Children happily ran around the space, feeling the presence of the new school with their own feet.
Parents can see their children from outside through windows facing the square used as waiting area, while children can see outside through the windows from the inside at the same eye level as the parents. Seeing the children through the windows, we sincerely hope that this house will serve as a shelter protecting children against possible natural disasters in the near future.
Building projects give us opportunities to consider the way we see things through the construction process of physical spaces. Specifically, when we make windows and visually experience the intersection of peopleʼs various thoughts through them, we recognize the significance of the world opened by the windows. Beyond a scenery that we through a window, I believe that the eyes of our souls let us see the world beyond reality.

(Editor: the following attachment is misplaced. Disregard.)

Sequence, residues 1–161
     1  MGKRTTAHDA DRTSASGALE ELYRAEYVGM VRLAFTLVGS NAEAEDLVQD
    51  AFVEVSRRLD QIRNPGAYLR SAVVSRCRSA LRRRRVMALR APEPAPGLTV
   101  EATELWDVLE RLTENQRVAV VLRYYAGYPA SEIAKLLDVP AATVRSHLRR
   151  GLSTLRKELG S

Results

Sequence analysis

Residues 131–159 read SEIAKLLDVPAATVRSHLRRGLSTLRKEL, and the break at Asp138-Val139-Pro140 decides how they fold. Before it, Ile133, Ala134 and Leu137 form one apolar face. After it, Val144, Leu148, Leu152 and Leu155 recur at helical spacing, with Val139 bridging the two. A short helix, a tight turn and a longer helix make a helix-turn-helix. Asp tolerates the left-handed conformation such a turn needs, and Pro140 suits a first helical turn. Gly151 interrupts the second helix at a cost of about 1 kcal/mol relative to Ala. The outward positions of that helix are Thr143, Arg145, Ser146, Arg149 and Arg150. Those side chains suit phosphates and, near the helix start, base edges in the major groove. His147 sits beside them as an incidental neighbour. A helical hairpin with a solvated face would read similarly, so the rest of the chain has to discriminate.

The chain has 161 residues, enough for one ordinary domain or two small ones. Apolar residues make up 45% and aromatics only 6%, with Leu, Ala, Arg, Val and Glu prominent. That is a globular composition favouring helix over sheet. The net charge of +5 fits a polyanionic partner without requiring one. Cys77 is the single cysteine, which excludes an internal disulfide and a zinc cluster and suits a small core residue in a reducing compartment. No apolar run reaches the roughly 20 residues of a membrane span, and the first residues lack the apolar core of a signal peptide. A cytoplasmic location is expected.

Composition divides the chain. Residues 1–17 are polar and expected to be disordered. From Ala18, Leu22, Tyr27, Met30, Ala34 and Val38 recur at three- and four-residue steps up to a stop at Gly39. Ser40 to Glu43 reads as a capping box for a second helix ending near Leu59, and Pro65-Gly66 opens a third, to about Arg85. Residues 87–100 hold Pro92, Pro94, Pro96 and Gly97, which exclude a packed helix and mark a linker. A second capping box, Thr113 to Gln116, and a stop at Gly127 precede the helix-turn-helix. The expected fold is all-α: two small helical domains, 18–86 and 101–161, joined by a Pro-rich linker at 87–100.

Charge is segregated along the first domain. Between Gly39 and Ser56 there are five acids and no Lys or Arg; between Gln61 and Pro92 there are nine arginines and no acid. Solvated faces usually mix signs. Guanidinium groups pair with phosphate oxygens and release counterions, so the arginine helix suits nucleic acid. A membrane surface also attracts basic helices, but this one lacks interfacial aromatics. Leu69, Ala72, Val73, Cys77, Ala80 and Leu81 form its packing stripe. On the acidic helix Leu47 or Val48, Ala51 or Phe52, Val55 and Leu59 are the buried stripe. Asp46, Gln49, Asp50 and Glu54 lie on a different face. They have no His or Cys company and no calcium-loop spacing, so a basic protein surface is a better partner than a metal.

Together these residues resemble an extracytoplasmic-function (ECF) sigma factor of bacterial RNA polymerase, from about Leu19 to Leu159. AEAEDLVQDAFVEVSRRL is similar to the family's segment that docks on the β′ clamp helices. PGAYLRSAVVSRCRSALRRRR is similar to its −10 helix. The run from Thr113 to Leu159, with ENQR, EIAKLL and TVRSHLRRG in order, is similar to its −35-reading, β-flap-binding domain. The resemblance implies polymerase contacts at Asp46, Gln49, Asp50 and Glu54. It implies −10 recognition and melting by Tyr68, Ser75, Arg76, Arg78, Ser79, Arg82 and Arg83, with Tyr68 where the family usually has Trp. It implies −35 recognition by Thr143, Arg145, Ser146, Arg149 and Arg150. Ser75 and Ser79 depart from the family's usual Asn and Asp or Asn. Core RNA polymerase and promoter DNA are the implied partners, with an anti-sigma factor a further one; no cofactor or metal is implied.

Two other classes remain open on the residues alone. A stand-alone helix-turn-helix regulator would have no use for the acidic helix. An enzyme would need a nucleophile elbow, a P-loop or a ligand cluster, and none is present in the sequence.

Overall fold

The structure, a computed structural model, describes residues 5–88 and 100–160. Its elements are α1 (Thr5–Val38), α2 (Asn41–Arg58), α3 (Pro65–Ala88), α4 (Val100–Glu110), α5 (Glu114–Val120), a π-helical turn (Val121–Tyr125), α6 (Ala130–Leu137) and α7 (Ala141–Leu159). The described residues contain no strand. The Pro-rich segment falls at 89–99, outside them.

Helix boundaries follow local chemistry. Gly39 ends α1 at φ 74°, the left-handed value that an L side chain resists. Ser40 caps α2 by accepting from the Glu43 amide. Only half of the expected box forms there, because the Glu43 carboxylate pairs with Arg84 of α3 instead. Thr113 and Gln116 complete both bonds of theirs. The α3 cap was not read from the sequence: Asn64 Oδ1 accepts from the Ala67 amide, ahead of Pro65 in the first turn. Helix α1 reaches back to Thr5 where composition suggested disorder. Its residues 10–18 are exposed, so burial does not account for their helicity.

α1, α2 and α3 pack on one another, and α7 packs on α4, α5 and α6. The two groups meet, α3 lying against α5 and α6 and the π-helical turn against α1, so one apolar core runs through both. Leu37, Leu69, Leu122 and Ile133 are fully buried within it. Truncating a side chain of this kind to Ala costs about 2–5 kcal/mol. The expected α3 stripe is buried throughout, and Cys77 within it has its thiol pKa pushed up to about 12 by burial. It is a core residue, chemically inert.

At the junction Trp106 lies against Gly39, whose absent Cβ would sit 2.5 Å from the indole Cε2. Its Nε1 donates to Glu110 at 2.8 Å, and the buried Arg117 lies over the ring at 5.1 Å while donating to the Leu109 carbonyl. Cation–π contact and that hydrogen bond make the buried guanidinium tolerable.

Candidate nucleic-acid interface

Architect. Professor, Keio University Graduate School of Media and Governance. Hiroto Kobayashi studied architecture and urban design at Kyoto University and the Harvard Graduate School of Design (GSD). He worked with Nikken Sekkei and Norman Foster and Partners as an architect. Kobayashi is a founding partner of Kobayashi Maki Design Workshop (KMDW) since 2003. He also represents Skidmore Owings and Merrill LLP (SOM) in Japan. He served as Visiting Associate at the GSD through 2003-2005. He was a Visiting Associate Professor at MIT in 2001 and 2002, and a Visiting Scholar at the Center for Japan Studies at UC Berkeley in 2012 and 2013. He completed his doctoral dissertation on the traditional community form, ‘Cho‘, and received a Doctor of Design degree from the GSD. Projects include works for cities and communities domestically and abroad. Most recently Kobayashi has been developing a self-build methodology using plywood, Veneer House, and studying a new method of inheriting sustainable community; this approach was inspired and initiated by the Tohoku disaster of 2011.